I don’t have a bank account. I rush to the bank the check is written from. “They” go through all their security procedures, get my thumbprint, and ask for something like 200 different forms of picture ID. Finally, I’m handed an envelope with $3500 in cash in it (well, more like $2993) if you factor in the check cashing fee!
It’s a giant, monumental leap forward. In what seems like a blink of the eye, I jump from having virtually no means to help just myself to be, what appears to be, 100% self-reliant. Don’t get me wrong. It’s nothing like I was making the previous 15 years, but now being able to provide a modest, yet comfortable living, for my entire family, provides me an enormous amount of comfort and hope.
I call my brother-in-law as I’m driving down the road to find out where to wire Amy money. I’m able to get it to her that day.
Stuck in my brain is this memory of someone asking me if I was planning on giving any of the money I had just received to Amy and the kids. The sincerity with which they ask the question both astonishes and floors me.
“Is this what people really think about me right now,” I think to myself. “That I’m capable of intentionally abandoning my wife and kids?”
It seems everyone is suspicious of me; well, almost everyone.
The gulf between others perceptions of me now and the reality, at least in my mind, is wide and deep. I don’t know why I keep expecting people to expect the best from me, but I do, regardless of how many times I’m shocked out of my mind by the exact opposite.
Meanwhile, Bishop Lund confirms to me that Amy received the money and that it couldn’t have come at a more needed time. I am told she’s elated and very grateful. All of a sudden, and for the first time, I can start to see how things could possibly come together. It’s all blurry, but I find hope in that I can see something possible. I want to keep pouring fuel on the momentum; however, I am reminded that it is patience that is needed. I need to wait for her to decide all on her own when she feels ready.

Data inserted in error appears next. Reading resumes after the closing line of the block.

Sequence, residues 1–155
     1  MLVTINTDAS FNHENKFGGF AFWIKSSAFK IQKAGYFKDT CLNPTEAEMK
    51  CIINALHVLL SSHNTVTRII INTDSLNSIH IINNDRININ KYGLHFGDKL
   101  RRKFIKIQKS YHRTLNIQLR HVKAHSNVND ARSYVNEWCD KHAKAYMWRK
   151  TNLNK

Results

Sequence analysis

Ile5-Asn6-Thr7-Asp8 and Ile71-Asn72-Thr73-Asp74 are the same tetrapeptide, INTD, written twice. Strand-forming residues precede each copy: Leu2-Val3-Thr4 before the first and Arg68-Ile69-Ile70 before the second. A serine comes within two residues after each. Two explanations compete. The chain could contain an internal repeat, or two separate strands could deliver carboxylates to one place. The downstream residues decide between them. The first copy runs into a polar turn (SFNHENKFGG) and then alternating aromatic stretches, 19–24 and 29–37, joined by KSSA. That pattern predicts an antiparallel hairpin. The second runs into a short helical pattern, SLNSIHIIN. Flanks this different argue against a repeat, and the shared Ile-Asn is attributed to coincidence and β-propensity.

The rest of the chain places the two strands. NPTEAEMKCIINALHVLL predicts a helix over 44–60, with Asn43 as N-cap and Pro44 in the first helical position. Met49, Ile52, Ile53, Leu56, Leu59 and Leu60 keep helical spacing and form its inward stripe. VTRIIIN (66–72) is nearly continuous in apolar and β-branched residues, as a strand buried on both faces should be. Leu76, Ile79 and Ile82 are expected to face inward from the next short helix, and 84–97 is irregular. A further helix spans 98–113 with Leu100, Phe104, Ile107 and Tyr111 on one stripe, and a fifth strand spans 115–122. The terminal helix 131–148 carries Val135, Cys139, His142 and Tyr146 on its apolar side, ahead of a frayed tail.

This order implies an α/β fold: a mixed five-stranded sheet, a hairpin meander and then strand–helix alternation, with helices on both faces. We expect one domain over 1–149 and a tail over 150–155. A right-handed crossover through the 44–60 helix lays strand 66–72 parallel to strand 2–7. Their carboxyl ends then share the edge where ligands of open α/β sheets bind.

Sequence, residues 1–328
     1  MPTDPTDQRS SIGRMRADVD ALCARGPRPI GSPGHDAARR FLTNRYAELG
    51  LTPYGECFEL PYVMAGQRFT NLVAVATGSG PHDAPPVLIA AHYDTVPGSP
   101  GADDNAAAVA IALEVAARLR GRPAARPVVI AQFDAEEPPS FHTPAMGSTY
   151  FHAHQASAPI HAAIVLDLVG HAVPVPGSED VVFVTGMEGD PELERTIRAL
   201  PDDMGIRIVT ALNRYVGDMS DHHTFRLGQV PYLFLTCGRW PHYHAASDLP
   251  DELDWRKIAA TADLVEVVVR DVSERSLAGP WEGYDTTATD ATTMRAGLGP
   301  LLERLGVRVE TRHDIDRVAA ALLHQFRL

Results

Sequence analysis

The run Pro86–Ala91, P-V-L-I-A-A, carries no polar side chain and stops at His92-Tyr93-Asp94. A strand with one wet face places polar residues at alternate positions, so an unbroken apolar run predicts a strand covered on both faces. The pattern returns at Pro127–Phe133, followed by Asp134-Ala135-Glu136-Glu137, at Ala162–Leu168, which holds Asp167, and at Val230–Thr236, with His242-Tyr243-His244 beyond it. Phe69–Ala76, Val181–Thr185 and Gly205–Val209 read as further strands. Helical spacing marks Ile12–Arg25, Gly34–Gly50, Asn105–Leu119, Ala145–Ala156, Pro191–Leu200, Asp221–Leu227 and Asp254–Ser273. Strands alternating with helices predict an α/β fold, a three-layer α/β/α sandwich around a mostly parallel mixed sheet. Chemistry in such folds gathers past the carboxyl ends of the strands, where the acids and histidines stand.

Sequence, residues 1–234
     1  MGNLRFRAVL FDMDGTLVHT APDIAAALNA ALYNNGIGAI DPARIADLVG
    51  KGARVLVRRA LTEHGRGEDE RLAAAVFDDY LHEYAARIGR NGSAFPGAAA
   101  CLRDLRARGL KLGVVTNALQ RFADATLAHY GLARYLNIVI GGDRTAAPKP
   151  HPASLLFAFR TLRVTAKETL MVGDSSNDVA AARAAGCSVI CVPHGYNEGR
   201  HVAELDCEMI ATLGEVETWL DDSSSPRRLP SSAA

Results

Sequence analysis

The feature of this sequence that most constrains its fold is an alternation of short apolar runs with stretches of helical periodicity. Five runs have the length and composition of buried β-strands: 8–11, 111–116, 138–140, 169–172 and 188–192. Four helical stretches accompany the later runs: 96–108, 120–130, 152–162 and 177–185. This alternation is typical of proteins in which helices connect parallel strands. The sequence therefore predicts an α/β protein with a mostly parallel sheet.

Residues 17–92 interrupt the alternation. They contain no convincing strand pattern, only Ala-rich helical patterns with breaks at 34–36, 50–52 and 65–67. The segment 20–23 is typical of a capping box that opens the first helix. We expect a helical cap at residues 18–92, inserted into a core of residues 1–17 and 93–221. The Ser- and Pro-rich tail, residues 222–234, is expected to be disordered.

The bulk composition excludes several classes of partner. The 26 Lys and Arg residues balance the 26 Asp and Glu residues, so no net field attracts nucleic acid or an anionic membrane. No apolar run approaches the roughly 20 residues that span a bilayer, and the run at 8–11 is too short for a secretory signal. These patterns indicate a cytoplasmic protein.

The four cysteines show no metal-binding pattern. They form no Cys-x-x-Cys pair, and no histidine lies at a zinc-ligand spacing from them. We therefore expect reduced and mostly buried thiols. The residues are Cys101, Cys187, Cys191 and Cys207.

For how long?
That’s the worst part…the UNKNOWN! It could be days, weeks, months, or when I catastrophize, years or even never.
Bishop Lund unexpectedly says to me that he sees no reason why Amy and I shouldn’t have a conversation at this point. I am a little bit shocked, but also like, “Yes, I would agree Bishop. We’re married and have 6 children together. Tough call, but yeah, I think talking would be a very appropriate thing for us to do.” He offers to call her and share with her what his recommendation.
I coach him thoroughly on how to make sure he presents everything in a way where she doesn’t think any part of this idea is coming from me.
He doesn’t need the coaching, but I give it to him anyway.
The outcome? I’m told Amy doesn’t feel ready, but that she’ll think about it.
Well, that’s just great! I catastrophize to myself. “I’m never going to even talk with her ever again for all eternity!”
Days go by.
I’m driving down the road going who knows where…feeling mostly down. My phone rings. I answer and recognize the voice right away…it’s a friendly, familiar voice.
Is it really Amy’s father on the other end?
I can tell he’s driving and Amy’s mom is in the car as well. They live in Richland, Washington. As shocked as I am with the call, the real shock comes…right about now…I hear this,
“Jeremy, would you like us to take you to lunch today?”
“Wait! What? No way! You’re not here in Arizona!”
“Yep! We sure are, and we’d love to take you to lunch if you’re available.”
Lets quickly recap. I apparently scare Amy all the way to Kentucky. I spend 50 days in jail, 108 days in an addiction treatment center, and I’m homeless. I did just get a job, but that doesn’t change the fact that with me at the helm, our family broken to pieces and scattered all over the U.S.!
Yet, in spite all of this, my in-laws drive to Arizona, call me out of the blue, and want to take me to lunch! Up to this point, I have only been able to imagine what they think of me, and for some strange reason, I imagine it’s probably not very positive.